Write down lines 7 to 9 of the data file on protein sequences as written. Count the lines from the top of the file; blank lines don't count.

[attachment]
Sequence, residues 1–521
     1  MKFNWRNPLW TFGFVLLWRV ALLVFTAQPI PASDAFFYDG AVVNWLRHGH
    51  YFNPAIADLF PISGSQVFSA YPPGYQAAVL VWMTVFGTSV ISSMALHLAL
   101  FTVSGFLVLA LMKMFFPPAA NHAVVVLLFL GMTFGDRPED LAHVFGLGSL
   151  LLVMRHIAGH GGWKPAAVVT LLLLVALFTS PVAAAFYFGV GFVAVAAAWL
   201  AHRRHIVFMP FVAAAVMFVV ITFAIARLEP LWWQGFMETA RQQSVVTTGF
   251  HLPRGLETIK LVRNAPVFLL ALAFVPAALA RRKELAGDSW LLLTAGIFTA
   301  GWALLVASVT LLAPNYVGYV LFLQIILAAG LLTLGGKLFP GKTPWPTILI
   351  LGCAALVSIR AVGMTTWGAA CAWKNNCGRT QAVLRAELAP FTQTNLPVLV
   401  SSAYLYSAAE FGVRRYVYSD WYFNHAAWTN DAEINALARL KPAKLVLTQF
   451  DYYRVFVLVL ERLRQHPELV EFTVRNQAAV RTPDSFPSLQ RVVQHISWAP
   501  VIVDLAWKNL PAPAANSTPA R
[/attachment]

   251  HLPRGLETIK LVRNAPVFLL ALAFVPAALA RRKELAGDSW LLLTAGIFTA
   301  GWALLVASVT LLAPNYVGYV LFLQIILAAG LLTLGGKLFP GKTPWPTILI
   351  LGCAALVSIR AVGMTTWGAA CAWKNNCGRT QAVLRAELAP FTQTNLPVLV